Will talk about: Rabies-based tools for elucidating neural circuits and linking connectivity to function
Edward Callaway heads the Organization and Function of Cortical Circuits group at the Systems Biology Laboratories of the Salk Institute for Biological Studies in La Jolla, CA, USA. He is Professor and senior fellow at the Crick-Jacobs Center for Theoretical and Computational Biology of the Salk Institute and also adjunct Professor of the Department of Neuroscience at the University of California at San Diego.
Dr. Callaway holds a Bachelor of Science degree in biology from Stanford University, Stanford, CA, USA, and a PhD in neurobiology from California Institute of Technology, Pasadena, CA, USA. He worked with Lawrence Katz as a postdoc 1988-92 at The Rockefeller University, New York, NY, USA, and at Duke University, Durham, NC, USA before becoming an Assistant Professor at the Department of Physiology and Neuroscience at the University of Colorado School of Medicine, Denver, Co, USA. He joined the Salk Institute in 1995 and was appointed Professor there in 1996.
Dr. Callaway won the McKnight Endowment Fund for Neuroscience, Technological Innovations Award in 2006 for “Using Viral Vectors to Probe Sensory-Motor Circuits in Behaving Non-human Primates” and was elected Associate of the Neurosciences Research Program in 2009.
To understand the mechanisms by which neural circuits process information, it is necessary to resolve connectivity with high resolution, to correlate connectivity with function, and to manipulate the activity of defined circuit components. Recent advances in the development of molecular, genetic and viral based tools are now making this possible at the level of resolution of specific cell types and even single neurons. I will describe recent progress in my lab, developing and using rabies virus-based systems for tracing neural circuits and linking them to function. Because rabies virus spreads transsynaptically, exclusively in the retrograde direction, and only between connected neurons, it is a very powerful tool for studies of neural circuits. Our new tracing systems are based on rabies viruses whose glycoprotein gene has been deleted, making it possible to both control the transsynaptic spread of the virus and to also select specific neurons or neuron types for primary infection. These viruses also express transgenes, such as fluorescent proteins, at very high levels allowing clear visualization of detailed neuronal morphology. Building on these viruses we have developed protocols and reagents that make it possible to label neurons in vivo that are directly presynaptic to a single targeted neuron or to label the direct inputs to a population of neurons of genetically-defined type from a targeted brain region. Because the rabies virus leaves cells viable for weeks, it is possible to combine rabies labelling of connectionally-defined neuronal populations with studies monitoring or manipulating their activity. This is facilitated by the production of rabies viruses that express transgenes such as genetically expressed activity indicators or channelrhodopsins. Rabies viruses expressing genes for the control of gene expression, such as Cre-recombinase or the Tet transactivator, allow rabies labelling of defined circuits to interface with mouse lines that express transgenes of interest under the control of these proteins.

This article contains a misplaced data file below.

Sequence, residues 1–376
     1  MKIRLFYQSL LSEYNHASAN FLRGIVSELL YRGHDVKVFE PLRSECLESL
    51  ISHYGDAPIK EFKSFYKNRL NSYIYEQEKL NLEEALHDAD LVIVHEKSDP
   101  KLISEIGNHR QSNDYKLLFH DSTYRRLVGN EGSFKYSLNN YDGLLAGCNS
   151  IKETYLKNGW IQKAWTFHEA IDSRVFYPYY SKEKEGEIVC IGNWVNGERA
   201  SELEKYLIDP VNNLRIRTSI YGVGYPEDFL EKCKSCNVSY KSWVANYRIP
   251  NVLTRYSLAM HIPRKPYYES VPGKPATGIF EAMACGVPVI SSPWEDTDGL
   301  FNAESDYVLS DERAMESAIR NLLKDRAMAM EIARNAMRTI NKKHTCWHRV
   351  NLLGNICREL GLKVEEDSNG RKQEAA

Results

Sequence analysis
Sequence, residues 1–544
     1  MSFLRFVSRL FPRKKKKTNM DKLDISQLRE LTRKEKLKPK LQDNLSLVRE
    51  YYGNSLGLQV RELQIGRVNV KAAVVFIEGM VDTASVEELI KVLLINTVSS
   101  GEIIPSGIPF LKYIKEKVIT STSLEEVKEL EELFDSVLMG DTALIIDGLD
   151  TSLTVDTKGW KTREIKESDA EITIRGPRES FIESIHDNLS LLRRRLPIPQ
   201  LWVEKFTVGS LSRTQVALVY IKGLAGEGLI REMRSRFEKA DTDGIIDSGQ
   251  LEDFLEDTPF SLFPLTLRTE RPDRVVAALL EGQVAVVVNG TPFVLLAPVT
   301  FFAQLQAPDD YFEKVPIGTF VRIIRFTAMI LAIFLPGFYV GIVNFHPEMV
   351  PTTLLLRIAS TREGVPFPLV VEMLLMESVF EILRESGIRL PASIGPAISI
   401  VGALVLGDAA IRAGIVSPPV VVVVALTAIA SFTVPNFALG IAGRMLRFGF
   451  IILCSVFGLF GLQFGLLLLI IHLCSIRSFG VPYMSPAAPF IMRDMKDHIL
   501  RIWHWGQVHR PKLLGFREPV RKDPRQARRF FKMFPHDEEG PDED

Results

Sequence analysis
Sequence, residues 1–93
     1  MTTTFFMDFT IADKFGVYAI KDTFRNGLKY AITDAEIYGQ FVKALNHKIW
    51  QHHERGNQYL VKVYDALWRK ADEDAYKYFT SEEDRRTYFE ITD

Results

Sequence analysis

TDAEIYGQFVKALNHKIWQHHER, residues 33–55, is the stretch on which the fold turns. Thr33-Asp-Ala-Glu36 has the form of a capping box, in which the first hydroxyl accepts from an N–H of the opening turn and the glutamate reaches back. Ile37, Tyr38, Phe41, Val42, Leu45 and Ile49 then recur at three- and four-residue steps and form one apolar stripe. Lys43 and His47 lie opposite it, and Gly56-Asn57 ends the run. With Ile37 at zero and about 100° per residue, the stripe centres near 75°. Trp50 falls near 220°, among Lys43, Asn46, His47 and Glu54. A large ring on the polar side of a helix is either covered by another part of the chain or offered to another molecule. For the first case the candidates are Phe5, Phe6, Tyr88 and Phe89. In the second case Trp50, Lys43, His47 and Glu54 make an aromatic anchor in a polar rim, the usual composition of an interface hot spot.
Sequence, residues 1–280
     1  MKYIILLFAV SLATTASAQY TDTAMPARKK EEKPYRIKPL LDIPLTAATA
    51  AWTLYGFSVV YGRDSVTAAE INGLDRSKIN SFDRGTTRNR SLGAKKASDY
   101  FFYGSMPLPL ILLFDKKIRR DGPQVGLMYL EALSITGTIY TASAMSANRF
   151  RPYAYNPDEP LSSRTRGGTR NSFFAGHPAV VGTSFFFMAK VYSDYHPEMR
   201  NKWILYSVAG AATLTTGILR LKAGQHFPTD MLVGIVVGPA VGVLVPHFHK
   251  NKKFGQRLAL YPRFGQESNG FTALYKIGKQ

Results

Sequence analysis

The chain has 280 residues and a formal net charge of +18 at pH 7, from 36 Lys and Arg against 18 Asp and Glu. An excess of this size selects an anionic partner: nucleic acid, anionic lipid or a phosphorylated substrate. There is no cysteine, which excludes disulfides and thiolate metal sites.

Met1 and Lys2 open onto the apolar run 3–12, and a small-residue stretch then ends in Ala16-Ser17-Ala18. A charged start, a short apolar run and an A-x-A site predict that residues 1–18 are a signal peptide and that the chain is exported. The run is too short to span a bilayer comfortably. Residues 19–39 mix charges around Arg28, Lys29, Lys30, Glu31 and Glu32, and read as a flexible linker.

This work was supported by NIH, HFSP, and the Gatsby Foundation.